“What do you want to do?” I asked, my one and only focus now to bring up any and everything that might bring him joy.
“We pray,” he said “We thank God I am not in pain, and we enjoy every second of the time God gives us.”
Contrasting this newfound awareness to just an hour earlier when I’d let his call go to voice mail, my first “aha” came when I realized never again would I take his calls for granted. From that conversation on there was an instant reprioritization of everything involving my dad; our time together was just too dang precious. And not just Dad time….All my time. Time spent doing anything that drained or robbed me of energy or life that could be shared with those I loved…this was reprioritized too. Suddenly what I thought was my worst problem (a shipment of books that got snagged in customs, costing me weeks of Christmas sales) mattered not in the least. The things that had been stressing me to the max, slipped instantly to the back burner of my mind. Front and center focus was now the quality of time, experiences and conversations I’d be living between now and the time he left the planet..
I wrapped what I was doing, and got to his farm by sunset. I called friends who knew him, those he loved like his own daughter, and invited them to come spend a night or a weekend…just to relax. We watched “It’s a Beautiful Life” over and over. We spent mornings drinking coffee and listening to Gaither music; we talked about everything from business to biscuits …life and love and yes, even dying. My number one comfort and strength in the end, was knowing we’d left nothing left unsaid.
To everything there is a season, the scripture tells us. Fighting cancer, racing for cures…these are good and noble things, but there comes a point (and in Dad’s case, he was already at it) when you reach stage five of the grieving process, which is acceptance. In my dad’s case, he had reached it before even picking up the phone, so there was no pretending in his case that “We’ll beat this thing,” for in truth, there was nothing to beat.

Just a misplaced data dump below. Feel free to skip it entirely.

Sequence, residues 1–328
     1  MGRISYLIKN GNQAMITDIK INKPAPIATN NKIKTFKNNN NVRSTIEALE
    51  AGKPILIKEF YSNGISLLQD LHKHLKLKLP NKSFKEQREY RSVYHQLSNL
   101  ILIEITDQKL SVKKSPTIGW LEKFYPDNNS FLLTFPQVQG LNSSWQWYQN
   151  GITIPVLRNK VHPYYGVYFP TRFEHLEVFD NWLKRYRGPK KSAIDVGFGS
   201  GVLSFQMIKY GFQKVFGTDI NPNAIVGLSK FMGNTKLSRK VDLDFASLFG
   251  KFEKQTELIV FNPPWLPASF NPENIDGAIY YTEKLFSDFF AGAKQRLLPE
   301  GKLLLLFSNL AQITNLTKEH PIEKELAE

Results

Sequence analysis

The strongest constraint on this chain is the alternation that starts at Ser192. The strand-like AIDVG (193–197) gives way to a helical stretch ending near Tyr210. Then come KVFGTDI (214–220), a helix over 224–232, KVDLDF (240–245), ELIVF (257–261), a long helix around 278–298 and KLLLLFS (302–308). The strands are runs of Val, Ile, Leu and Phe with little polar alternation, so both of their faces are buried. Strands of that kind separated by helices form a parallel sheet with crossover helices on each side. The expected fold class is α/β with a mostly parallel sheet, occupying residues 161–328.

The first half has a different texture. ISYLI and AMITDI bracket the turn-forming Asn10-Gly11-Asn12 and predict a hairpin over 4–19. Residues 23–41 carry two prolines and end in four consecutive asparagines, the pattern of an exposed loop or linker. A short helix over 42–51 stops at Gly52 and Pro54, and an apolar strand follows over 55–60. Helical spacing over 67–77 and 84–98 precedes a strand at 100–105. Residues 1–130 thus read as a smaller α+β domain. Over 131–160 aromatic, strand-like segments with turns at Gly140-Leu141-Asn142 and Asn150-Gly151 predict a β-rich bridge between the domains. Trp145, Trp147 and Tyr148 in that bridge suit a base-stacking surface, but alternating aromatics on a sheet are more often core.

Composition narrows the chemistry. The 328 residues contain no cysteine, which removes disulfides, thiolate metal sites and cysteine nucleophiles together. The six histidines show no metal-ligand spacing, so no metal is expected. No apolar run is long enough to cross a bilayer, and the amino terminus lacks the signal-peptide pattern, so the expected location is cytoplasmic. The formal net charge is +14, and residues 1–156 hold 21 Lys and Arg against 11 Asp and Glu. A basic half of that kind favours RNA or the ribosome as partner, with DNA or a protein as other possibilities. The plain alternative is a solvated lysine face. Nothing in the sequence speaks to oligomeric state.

Such is not the case of my friend Dawn, whose colonoscopy caught her tumor early. With every fiber of my being I know and see her in perfect health, so our conversations come from a different starting point entirely. But the point is, conversations will be had.
In reaching out to her I listened as she shared what was still freshly shocking news to her, and I offered what words of support came to me in the moment. “How can I help? What can we do? What would feed your soul and help keep your mind from dwelling on the scary parts right now?”
“I might like to come dig in your garden someday. If ever I call and just want to pull weeds, is it ok if I just drive your way?”
“With or without me” I laughed. “You can have it in silence or you can have me beside you…I’m happy to share this garden (for in truth it is the most healing place on the planet for me. You cannot NOT feel God here).
That notion brought great peace. Come Monday she’ll be sitting down with her doctor to lay out the plan for surgeries, radiation and chemo. I hung up the phone thinking “What an Easter she has in store trying to smile while fighting fears and holding back tears.”
I picked up the phone and called her back.
“Why don’t you come tomorrow?”
In that instant, just like with Dad, I spotted the gift –that moment of instant reprioritizing of what matters, WHO matters and how precious this thing called life.
As if Easter isn’t spiritual enough on its own, I can think of no better way to enter this holiday focused on resurrection and life and all things new again than to share my garden with Dawn.